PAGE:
Our facilities also benefit from standardization at all levels of mechanical and electrical design. Similarly, we’ve included modular components that allow us to fabricate, assemble, and even commission power during timelines parallel with construction and in highly controlled environments. Standard components, managed on-hand inventory, and controlled, sequenced assembly allow QTS’ development team to predictably deliver building elements and repeat processes in known timelines.
Both our Hillsboro and Atlanta facilities have been simultaneously under construction in two geographically diverse markets during COVID. Both have been subject to innumerable external uncertainties due to the economy and health crisis. And, both will be delivered on time with custom features for their respective large-scale, sophisticated users.
QTS has also been conducting extensive fit-out and commissioning work in Northern Virginia. Between both our Manassas and Ashburn campuses, we’ve seen little to no disruption in the timelines that were established prior to the epidemic. Our consistent progress in both of these facilities, coupled with the increased demand of the market, and the pandemic speaks volumes about QTS’ ability to deliver quality and instill certainty during these unprecedented times.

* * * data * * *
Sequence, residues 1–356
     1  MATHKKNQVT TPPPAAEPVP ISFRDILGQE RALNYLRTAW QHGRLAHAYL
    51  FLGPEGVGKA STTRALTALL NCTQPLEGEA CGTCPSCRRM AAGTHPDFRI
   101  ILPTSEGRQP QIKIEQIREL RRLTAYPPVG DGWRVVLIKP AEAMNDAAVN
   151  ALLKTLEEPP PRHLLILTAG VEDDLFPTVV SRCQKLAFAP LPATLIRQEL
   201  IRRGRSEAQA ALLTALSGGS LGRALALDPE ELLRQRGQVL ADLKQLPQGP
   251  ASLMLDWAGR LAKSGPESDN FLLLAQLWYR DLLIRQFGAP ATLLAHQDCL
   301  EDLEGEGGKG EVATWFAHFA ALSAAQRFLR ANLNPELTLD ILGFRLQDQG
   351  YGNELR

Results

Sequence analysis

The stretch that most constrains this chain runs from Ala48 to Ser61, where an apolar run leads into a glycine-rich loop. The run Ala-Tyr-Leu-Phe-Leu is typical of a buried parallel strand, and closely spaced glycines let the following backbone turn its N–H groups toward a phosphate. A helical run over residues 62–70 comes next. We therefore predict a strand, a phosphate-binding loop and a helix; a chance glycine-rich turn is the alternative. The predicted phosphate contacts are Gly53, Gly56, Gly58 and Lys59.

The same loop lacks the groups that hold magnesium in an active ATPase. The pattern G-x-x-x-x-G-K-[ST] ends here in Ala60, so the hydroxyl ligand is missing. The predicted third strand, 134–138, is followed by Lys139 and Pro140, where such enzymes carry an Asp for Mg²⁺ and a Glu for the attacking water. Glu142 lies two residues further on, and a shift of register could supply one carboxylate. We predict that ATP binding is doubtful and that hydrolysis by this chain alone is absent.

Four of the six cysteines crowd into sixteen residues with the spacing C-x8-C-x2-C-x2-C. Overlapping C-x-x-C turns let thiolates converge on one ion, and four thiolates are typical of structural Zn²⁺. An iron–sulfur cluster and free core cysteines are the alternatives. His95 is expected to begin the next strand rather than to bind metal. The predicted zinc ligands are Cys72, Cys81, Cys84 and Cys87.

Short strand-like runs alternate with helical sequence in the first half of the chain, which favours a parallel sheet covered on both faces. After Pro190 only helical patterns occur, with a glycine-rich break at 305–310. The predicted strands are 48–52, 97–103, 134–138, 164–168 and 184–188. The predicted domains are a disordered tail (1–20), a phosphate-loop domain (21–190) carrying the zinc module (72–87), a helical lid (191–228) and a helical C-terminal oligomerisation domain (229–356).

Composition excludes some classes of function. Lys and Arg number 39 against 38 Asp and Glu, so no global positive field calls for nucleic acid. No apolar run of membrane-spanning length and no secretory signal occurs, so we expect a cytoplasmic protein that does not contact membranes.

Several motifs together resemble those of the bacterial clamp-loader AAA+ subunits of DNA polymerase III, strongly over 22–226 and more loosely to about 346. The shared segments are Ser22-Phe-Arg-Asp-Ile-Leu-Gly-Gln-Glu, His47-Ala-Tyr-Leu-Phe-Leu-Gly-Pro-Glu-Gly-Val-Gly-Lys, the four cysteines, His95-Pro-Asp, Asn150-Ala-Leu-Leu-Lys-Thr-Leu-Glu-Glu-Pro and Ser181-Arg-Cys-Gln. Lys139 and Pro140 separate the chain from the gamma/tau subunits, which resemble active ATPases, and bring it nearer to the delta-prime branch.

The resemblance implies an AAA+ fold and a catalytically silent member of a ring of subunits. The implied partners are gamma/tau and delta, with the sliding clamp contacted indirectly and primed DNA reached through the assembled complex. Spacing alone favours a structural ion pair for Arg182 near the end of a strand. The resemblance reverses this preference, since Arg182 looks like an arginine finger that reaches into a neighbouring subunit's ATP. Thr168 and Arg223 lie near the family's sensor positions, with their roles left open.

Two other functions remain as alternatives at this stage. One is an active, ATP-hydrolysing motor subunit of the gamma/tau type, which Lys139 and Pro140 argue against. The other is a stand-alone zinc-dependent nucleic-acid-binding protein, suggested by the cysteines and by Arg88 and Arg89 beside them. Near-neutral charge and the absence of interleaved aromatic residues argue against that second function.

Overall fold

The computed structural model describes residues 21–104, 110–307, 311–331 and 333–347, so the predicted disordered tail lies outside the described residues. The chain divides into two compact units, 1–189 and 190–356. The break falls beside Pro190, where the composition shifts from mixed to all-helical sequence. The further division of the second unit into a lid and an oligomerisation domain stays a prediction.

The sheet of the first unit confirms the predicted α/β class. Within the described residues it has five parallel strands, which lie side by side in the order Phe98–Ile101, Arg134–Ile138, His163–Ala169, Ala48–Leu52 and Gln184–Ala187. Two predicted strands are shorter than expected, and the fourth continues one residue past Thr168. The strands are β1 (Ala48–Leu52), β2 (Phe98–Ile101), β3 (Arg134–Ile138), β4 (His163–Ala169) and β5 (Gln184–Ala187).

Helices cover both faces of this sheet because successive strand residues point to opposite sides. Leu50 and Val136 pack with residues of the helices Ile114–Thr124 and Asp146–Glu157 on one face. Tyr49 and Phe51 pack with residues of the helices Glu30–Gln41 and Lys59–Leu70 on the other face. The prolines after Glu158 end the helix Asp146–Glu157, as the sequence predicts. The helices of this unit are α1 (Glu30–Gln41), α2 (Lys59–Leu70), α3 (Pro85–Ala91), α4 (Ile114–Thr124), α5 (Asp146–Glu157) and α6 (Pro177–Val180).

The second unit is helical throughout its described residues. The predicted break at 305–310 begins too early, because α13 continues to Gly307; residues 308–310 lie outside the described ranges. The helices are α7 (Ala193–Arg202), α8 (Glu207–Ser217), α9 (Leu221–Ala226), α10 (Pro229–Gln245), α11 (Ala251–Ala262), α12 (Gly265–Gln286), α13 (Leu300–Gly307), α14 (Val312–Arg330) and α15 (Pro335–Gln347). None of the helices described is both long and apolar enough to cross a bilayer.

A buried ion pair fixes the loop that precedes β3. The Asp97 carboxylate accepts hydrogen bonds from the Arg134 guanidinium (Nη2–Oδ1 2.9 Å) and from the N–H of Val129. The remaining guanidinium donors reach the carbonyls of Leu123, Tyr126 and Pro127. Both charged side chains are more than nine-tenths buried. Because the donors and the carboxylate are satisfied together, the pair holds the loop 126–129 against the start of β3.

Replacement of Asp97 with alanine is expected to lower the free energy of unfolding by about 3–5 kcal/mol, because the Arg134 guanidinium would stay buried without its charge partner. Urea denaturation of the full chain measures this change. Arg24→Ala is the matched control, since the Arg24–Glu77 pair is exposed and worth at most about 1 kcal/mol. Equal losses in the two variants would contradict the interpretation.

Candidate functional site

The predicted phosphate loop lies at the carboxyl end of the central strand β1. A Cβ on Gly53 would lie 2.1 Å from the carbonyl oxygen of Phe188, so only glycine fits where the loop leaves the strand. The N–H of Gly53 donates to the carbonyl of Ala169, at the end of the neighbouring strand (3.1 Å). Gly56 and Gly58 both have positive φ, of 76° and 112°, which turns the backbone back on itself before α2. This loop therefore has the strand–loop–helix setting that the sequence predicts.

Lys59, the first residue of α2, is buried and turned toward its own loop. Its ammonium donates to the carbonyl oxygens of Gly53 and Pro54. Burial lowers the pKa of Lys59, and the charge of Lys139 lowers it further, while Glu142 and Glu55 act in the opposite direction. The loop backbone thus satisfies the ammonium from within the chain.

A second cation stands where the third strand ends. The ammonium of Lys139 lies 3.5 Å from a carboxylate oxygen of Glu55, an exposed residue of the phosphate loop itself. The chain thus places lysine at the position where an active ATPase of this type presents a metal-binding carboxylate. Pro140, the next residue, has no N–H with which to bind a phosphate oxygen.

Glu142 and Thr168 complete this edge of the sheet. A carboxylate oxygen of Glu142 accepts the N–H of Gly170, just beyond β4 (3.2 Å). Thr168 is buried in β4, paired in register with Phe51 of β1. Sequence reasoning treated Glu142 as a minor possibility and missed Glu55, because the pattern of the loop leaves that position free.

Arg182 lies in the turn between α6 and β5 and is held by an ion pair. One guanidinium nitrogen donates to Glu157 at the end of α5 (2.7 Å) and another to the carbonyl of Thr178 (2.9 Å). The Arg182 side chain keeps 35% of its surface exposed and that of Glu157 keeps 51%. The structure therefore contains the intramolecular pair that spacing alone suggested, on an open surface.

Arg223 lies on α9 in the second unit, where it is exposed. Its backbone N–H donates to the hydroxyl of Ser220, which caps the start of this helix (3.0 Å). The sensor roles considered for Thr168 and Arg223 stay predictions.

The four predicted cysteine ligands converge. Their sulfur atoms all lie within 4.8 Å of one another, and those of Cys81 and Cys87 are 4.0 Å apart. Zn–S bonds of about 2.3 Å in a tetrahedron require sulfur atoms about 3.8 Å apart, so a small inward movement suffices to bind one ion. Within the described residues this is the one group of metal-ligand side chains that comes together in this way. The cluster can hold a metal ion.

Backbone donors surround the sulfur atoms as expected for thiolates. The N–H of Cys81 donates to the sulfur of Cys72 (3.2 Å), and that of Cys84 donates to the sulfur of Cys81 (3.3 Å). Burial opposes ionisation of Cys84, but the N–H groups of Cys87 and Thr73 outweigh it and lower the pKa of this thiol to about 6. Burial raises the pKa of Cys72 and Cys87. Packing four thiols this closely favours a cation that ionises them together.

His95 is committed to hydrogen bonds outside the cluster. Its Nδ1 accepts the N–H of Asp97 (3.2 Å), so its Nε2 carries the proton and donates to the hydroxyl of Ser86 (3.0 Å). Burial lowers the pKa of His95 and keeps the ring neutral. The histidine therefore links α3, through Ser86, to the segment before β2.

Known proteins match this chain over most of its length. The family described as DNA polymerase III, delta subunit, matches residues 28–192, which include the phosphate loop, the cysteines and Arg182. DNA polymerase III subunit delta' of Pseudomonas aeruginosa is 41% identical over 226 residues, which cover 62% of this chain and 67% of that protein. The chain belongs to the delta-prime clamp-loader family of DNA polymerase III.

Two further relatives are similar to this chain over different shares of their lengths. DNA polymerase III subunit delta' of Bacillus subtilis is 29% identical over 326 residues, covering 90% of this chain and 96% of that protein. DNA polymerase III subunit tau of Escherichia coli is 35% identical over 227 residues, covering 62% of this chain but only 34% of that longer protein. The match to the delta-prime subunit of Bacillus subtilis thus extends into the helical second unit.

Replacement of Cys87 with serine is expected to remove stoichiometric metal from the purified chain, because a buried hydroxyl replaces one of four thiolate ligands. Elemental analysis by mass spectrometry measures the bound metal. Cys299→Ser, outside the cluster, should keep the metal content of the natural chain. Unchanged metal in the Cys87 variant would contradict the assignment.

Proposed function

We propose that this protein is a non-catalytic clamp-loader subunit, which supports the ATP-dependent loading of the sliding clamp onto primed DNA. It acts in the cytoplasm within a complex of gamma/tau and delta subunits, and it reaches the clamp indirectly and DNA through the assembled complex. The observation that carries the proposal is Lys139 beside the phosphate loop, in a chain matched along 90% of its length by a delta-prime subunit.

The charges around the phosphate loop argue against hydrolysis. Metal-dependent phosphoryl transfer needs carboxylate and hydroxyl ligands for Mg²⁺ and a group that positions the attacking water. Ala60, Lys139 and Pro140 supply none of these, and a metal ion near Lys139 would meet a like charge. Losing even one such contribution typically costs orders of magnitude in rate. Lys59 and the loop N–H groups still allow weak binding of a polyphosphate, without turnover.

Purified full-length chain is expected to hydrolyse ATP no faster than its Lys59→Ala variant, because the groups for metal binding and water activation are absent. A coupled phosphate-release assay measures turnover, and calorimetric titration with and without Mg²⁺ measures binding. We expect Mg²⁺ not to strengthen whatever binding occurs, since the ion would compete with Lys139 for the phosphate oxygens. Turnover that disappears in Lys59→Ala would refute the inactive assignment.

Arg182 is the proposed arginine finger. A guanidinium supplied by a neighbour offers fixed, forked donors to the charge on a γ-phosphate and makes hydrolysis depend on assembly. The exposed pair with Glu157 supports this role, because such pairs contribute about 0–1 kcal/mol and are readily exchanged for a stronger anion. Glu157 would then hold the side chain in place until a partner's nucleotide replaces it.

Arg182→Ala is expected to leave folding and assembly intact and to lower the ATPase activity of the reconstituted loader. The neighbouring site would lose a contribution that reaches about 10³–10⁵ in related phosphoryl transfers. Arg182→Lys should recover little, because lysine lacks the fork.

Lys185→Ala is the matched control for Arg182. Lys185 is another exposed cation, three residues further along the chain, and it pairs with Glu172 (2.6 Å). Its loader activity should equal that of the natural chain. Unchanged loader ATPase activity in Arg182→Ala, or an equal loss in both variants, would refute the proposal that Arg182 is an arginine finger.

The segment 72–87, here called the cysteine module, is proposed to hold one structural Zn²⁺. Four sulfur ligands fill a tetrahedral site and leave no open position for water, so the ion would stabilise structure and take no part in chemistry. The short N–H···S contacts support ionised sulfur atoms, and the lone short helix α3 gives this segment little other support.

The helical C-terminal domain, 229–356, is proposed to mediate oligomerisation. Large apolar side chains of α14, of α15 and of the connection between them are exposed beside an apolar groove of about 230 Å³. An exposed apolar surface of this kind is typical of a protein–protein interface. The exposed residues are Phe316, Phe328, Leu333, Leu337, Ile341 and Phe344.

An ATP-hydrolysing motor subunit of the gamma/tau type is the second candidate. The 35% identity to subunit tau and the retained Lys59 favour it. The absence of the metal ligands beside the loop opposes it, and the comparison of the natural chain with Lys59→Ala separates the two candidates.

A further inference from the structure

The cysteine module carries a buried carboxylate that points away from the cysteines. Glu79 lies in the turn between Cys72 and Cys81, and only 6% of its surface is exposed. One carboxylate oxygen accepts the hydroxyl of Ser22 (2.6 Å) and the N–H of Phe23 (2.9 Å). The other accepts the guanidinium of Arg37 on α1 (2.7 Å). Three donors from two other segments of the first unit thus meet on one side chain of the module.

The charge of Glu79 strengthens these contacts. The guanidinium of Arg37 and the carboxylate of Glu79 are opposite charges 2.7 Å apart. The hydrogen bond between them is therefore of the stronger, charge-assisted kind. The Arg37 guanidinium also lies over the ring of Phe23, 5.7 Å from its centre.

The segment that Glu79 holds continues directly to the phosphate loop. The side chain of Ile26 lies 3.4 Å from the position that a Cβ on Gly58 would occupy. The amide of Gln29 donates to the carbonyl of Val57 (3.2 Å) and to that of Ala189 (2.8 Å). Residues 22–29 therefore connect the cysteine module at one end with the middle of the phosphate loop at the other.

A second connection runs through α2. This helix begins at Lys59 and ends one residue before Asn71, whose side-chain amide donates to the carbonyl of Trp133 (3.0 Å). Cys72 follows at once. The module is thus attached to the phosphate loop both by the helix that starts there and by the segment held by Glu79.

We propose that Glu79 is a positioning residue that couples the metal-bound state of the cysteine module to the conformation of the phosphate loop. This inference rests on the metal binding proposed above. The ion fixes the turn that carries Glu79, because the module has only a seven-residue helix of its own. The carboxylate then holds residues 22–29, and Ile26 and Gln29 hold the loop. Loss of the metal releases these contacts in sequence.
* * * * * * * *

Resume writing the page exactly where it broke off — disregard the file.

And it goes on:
TR: Has anything else been of particular focus for QTS during this time?
TG: QTS’ first and foremost focus has been the operational partnership we share with our customers. Whether it is collaboratively solutioning an opportunity or ensuring that the day to day operational needs of our customers are met, QTS has emphasized our unwavering focus on customer success. That said, there have also been a number of priority projects the team has advanced. One initiative of particular note is our corporate sustainability goal of utilizing 100% renewable energy sources to power our portfolio of facilities by 2025. To that tend, we passed another critical milestone in our sustainability journey and have fully commissioned the first facility of our Hillsboro, Oregon campus with renewable energy. Customers can also expect additional programs like “Grow with QTS,” a strategic partnership with the American Forests where QTS plants trees on behalf of customers to restore threatened forest ecosystems and reduce carbon in the ozone. In the near future, we hope to announce a similar clean water program.
TR: Thank you for talking with Telecom Ramblings!
If you haven't already, please take our Reader Survey! Just 3 questions to help us better understand who is reading Telecom Ramblings so we can serve you better!Categories: Datacenter · Industry Spotlight